A Blessing for You This Thanksgiving Day

I have shared before a blessing my former colleague Jennifer Wright once sent to me. I can’t think of a better prayer for this day; it expresses well my wish for all of you as we celebrate this Thanksgiving Day.

May you be with people you love.
May you eat tasty, satisfying food that has been prepared with love and with laughter.
May you reach out to someone outside your immediate circle to share your blessings.
May you be overwhelmed with gratitude for the bounty that you have received.
May you be aware of the depths of your roots in your family and your past and of the infinite potential of your future.
May you repose in utter trust in God’s love for you and God’s amazing, overflowing, creatively stunning intention for good for all of God’s creation.

As I prepare to celebrate this holiday with my family, I wish you and yours a blessed and happy Thanksgiving Day.

And, as you gather with family and friends, I hope you will take some time to revel in gratitude at all of the many gifts  that you have been given, and to remember the source of all you are and all you have.

How Will You Spend the Day After Thanksgiving?

There is a popular Thanksgiving meme that I have seen widely shared at about this time over the last couple of years.  It says:

Because only in America do we wait in line and trample others for sale items one day after giving thanks for what we already have.

Tomorrow is Thanksgiving Day.  We will spend the day celebrating with our loved ones, giving thanks for all of our many blessings.

Why go from that to the insanity of Black Friday shopping?  Not only will some people line up before dawn on Friday, but some will rush out to the stores Thursday evening before they have even digested their pumpkin pie.

Relax! There are still many shopping days before Christmas!  There is nothing you need so badly that you need to make yourself crazy battling crowds in a shopping mall.

Why not let the celebration of that day spill over to the next day and abandon Black Friday in exchange for Fun Friday?

Our plans for the day includes cookie baking and playing games – and, of course, eating leftover turkey.  We will laugh, sing, and just enjoy being together.

How will you spend the day after Thanksgiving?


Will you Go for Broke?

Today’s Gospel is St. Luke’s version of the parable of the talents.  One interpretation of that parable – perhaps the most common one – is that the parable is a warning to those who do not use their gifts in life.  (Our understanding of the word “talent” in English contributes to that interpretation.)  And I think that is a good and useful interpretation – one I often speak about when talking about recognizing our giftedness and using our gifts on behalf of the building of God’s kingdom.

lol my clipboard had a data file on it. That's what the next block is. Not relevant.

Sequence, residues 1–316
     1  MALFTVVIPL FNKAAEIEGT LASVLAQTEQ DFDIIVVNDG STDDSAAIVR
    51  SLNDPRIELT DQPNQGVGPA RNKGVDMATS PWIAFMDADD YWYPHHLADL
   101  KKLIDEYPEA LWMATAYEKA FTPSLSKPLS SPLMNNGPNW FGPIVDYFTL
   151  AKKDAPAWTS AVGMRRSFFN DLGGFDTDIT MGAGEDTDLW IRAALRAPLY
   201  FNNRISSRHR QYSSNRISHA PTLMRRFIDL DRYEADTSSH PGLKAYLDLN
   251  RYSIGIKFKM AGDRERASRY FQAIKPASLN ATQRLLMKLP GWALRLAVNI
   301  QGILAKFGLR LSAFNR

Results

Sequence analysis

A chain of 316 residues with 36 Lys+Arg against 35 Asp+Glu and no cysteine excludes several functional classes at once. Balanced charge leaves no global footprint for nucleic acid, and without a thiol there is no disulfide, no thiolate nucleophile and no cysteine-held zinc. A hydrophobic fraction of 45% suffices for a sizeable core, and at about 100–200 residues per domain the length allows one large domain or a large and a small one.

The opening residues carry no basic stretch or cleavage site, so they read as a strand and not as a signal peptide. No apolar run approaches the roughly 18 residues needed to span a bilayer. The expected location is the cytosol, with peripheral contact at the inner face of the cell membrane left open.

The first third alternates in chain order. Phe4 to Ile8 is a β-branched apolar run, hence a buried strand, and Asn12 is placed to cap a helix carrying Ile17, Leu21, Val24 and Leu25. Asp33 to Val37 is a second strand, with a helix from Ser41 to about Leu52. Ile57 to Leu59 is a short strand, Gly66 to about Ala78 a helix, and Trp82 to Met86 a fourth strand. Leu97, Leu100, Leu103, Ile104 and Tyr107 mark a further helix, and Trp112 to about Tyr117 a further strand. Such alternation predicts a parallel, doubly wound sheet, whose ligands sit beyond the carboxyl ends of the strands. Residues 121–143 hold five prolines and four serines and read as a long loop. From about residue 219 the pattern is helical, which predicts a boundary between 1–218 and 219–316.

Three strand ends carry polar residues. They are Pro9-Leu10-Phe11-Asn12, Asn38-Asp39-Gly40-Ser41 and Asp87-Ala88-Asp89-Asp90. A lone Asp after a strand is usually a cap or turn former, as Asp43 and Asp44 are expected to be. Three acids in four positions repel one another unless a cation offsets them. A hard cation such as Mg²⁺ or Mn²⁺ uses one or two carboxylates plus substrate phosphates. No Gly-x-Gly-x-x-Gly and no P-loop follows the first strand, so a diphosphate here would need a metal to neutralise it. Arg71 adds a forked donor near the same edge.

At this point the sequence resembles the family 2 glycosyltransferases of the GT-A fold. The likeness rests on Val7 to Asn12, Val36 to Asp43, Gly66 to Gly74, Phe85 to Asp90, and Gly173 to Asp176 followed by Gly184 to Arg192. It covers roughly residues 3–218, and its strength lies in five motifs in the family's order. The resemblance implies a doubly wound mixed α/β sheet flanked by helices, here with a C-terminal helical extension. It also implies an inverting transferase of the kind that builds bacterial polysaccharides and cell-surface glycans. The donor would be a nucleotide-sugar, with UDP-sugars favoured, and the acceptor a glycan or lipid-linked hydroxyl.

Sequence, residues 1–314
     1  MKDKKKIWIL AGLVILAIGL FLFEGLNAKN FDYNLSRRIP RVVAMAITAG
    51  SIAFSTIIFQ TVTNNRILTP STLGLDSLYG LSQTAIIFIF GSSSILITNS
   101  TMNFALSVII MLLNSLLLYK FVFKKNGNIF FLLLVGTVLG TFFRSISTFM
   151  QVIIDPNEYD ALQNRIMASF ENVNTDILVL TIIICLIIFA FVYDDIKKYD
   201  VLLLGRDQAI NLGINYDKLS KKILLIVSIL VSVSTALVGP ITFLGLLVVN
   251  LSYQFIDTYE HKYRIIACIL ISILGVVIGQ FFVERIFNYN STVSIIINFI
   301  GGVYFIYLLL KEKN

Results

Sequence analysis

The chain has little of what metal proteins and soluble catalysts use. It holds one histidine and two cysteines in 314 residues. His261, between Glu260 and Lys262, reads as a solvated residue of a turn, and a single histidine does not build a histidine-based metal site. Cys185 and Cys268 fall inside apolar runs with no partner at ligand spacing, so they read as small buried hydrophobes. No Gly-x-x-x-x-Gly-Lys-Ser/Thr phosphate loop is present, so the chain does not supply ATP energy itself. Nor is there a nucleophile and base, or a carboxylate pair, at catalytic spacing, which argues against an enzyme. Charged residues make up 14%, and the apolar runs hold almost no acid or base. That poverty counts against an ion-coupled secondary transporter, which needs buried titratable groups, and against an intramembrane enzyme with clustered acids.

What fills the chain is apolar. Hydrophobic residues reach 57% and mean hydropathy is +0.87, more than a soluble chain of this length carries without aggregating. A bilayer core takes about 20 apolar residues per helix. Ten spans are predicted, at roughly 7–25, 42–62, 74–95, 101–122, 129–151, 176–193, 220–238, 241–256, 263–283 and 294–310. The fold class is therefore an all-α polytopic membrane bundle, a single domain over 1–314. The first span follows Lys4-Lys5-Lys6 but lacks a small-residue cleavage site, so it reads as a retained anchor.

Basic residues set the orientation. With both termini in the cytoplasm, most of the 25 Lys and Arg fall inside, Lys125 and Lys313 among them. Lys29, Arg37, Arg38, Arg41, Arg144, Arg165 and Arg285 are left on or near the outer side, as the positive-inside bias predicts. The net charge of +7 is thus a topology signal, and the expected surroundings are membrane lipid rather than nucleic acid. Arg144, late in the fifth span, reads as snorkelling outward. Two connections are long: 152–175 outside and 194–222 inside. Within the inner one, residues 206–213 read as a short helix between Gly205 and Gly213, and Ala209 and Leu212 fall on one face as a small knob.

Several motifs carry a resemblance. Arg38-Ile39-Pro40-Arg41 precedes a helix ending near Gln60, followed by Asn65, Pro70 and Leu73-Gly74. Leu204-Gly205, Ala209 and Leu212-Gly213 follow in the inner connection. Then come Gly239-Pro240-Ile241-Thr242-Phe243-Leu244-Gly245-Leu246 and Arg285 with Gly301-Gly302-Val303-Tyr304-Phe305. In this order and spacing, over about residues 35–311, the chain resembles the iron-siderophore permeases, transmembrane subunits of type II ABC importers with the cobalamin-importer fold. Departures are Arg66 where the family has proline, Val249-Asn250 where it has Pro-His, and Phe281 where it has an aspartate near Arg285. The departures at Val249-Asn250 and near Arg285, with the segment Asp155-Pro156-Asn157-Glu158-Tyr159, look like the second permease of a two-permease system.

We are each given a unique set of gifts by God.  And not using those gifts is an act of real ingratitude.  So under this reading, this parable invites us to recognize our gifts, to own them, and to use them for the greater glory of God.

But it is worth considering whether the parable has more for us to reflect on.

John Donohue in The Gospel in Parable suggests that the real problem with the third servant was his timidity.  “It was timidity that spelled his downfall, which was not warranted by anything known directly about the master.”

Similarly, Gerhard Lohfink suggests that the parable means that the reign of God requires people who go for broke.

The master who goes away is now the exalted Christ.  When he returns he will demand a reckoning from each according to his or her abilities.  The accounting given by the slaves is thus the judgment of the world.  Whoever withstands the judgment receives a share in the eternal banquet of joy (“enter into the joy of your master”).  But those, like the third slave, who do not withstand the judgment, will lose everything and will be thrown into the outermost darkness….

Jesus is talking about the plan God has for the world.  He speaks of the new thing God wants to create in the midst of the old society.  This, God’s cause, Jesus says, will not succeed with cowardice, with people who are immovable, who are constantly trying to make themselves secure, who would rather delay than act.  God’s new society only succeeds with people who are ready to risk, who put everything on the table, who go for broke and become “perpetrators” with ultimate decisiveness.

In a related vein that broadens the lesson somewhat, John Buchanan suggests that “The greatest risk of all is not to risk anything, not to care deeply and profoundly enough about anything to invest deeply, to give your heart away and in the process risk everything.  The greatest risk of all, it turns out, is to play it safe, to live cautiously and prudently.”

As you pray with this parable, what is the lesson God hopes you will draw from it?